Yet again we see how puny, how insignificant, how risible even, a man truly is, when confronted by an act of nature. “A” man, because I mean one man specifically: Foreign Secretary Teodoro Locsin Jr., who acted disgracefully in his unnecessary confrontation with Migrante and Bayan Muna protesters last Friday. In the face of the street protest, which is a natural feature of the Philippine political landscape, he lost his cool, then he lost his marbles, then finally he lost the last stained, tattered shred of his remaining dignity.
If there is still any doubt that Locsin is “gago” — as we use the word these days, not only to mean a stupid person but a jerk — his public meltdown outside the gate of the storied ministry he heads and his dishonest post-tantrum tweets after it should settle the question.
The protesters were agitating against the plan to deploy two battalions of soldiers to the Middle East to help evacuate Filipinos caught in the crisis. Locsin saw the protesters, and promptly lost his temper. He approached the protesters as if to lecture them, and motioned several times to the protest leader, Arman Hernando, to hand him the microphone. When Hernando refused (saying, “Programa po namin ito — This is our program”), Locsin stalked back to the gate. Hernando then addressed him directly, accusing him of inaction. “Kayo po, palagi na lang kayo nagsasalita sa TV, wala po kayong hinahandang programa para sa OFWs natin — You, you are always talking on TV, but you have not prepared any programs for our overseas Filipino workers.” This was, to be completely fair, a cheap shot, but what an already angry Locsin did in response was so disproportionate, so bizarre, we can confidently assert that he had lost his reason. He charged back into the “little affray” (his words, in a later tweet), and then, unaccountably, challenged the protesters to a fight. But his grasp of Filipino is weak, so he actually said: “Bugbugin mo ako — Beat me up!”
(In a later tweet, he said he used “Bugbugin niyo ako,” meaning he was addressing the collective. But while the challenge as he chose to remember it is more idiomatic, it remains logically incoherent.)
“Bugbugin mo ako,” he said to Hernando, and then repeatedly motioned to the other protesters to come at him. “Come on,” he said. Then he took a microphone offered by a reporter and said his piece, even as the protest was continuing. Later, he waddled off back to the gate. Perhaps he meant it as a heroic turn-your-back-on-the-mob moment, but he is a physically small man, and he has gained a lot of weight, so the effect was unintentionally hilarious: a puffed-up man, waddling.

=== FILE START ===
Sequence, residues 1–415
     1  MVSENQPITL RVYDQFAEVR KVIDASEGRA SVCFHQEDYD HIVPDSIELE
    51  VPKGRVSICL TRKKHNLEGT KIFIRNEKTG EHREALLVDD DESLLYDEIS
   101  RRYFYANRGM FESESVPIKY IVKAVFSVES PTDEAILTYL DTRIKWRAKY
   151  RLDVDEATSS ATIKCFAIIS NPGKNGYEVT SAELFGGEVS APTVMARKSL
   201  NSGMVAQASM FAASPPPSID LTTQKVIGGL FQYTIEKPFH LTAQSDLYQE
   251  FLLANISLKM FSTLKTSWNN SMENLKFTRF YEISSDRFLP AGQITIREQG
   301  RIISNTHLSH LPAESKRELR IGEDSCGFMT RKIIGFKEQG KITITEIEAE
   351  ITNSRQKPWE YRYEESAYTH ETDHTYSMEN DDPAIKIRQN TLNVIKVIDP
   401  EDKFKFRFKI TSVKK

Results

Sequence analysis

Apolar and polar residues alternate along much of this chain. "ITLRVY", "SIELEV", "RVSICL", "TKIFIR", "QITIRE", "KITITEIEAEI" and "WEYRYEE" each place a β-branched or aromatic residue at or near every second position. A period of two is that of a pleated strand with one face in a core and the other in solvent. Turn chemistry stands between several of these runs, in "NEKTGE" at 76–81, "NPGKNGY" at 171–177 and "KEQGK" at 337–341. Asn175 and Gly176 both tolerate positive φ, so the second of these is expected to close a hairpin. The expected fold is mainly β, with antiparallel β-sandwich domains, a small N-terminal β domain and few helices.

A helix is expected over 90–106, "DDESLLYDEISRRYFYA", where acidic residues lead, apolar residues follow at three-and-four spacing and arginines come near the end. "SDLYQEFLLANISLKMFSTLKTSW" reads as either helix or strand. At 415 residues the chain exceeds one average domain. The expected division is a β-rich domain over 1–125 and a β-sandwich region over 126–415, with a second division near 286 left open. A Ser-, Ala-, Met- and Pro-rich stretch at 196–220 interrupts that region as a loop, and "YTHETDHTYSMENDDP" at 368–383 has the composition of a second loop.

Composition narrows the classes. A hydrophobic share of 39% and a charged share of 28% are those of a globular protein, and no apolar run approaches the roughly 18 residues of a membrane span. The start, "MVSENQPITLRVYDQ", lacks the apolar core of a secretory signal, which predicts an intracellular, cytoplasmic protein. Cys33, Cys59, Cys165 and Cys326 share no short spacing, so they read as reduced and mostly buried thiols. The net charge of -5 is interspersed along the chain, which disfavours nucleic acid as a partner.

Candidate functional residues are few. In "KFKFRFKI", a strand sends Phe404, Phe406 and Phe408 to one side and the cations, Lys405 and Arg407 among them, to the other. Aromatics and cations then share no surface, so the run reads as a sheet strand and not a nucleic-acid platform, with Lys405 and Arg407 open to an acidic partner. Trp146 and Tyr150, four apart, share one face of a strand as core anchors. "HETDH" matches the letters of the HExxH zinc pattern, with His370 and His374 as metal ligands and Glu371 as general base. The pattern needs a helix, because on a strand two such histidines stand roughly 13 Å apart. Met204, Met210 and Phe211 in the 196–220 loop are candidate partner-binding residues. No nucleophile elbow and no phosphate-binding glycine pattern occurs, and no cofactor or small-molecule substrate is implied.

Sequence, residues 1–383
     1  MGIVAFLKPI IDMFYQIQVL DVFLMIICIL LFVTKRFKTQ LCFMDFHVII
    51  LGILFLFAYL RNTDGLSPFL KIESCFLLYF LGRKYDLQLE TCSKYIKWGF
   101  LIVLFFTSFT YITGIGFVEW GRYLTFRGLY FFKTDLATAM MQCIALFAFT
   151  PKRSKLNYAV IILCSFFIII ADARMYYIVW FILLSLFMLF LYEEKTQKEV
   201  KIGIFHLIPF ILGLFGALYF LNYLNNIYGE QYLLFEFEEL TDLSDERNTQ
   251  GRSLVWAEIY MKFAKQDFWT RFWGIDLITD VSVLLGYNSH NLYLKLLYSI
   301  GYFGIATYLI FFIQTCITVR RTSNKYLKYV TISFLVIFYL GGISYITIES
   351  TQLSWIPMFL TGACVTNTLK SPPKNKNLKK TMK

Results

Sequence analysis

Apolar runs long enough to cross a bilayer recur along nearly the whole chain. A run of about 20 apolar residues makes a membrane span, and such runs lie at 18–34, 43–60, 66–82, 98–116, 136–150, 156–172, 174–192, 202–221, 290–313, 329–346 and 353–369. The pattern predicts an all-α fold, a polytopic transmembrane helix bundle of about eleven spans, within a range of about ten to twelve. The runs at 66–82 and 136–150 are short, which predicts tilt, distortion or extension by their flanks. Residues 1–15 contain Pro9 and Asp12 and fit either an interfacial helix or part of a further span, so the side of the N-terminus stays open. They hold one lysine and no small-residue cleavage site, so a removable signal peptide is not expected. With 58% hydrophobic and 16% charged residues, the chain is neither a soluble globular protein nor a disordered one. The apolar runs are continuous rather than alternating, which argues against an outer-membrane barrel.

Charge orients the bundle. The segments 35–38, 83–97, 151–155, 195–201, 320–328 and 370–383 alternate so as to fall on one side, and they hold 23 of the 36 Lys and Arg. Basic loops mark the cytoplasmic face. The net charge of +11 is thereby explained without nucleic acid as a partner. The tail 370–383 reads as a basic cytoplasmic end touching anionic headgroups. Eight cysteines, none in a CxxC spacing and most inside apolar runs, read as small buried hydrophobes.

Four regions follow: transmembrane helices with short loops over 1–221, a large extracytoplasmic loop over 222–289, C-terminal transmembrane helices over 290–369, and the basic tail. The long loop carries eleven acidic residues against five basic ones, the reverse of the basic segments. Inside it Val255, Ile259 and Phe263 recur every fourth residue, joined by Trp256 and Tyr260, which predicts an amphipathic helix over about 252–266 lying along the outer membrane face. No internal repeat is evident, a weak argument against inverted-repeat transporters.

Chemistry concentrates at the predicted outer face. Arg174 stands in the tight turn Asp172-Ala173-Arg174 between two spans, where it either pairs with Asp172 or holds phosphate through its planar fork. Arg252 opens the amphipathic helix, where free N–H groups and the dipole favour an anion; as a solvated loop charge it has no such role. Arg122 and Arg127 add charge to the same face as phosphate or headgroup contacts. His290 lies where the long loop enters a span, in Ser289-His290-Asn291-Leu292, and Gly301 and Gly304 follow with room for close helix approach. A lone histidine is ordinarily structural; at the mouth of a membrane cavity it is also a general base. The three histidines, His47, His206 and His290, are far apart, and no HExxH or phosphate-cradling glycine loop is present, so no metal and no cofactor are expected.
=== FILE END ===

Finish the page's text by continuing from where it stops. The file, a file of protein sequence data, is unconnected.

I do not agree with some of the criticism directed at Locsin, because they have the unintended effect of normalizing his outrageous conduct. No, his outburst was not the result of a failure to take his medicine, or because of his age. He acted that way, because he is that way. Those of us who used to put him on a pedestal, for his elegant writing, have been disabused of our fanciful notions. (If even the devil can quote scripture, disgraceful men can write graceful prose. Such is life.) Locsin betrayed the high ideals of his office because he has a violent streak, a thin skin, and an inflated sense of self. In other words: A jerk.
Interesting aside: Merriam-Webster’s first two definitions of “jerk” as noun coincide with what I understand to be the current understanding of “gago” — “an annoyingly stupid or foolish person” corresponds to the original sense of “gago” as a stupid person, one lacking in judgment; “an unlikeable person, especially: one who is cruel, rude, or small-minded” corresponds to the contemporary sense of “gago” as one who engages in a-holic behavior.
Last week was a high-water-mark in the annals of the Filipino gago. On Thursday morning, during the “traslacion” of the Black Nazarene, the police manhandled many of the devotees. (This matter requires a thorough investigation.) One such incident was caught on video by intrepid GMA reporter Jun Veneracion. Police Brig. Gen. Nolasco Bathan then approached Veneracion, seized his cell phone, and then fled — not realizing that the cell phone was still recording. Veneracion protested, and eventually his phone was returned to him, with the video in the recently deleted folder. But gago does not only mean acting like a jerk; it also means acting stupid. Bathan had caused the video to be deleted — but the video could still be recovered. And in it, despite Bathan’s assertions that he did not know it was Veneracion, a voice could be heard, saying: “Burahin mo, burahin mo kuha ni Jun Veneracion — Erase it, erase what Jun Veneracion recorded.”
Par for the course, for an administration whose approach to governance can be summed up in a word. “Gaguhan.”
[On Twitter: @jnery_newsstand, email: [email protected]]
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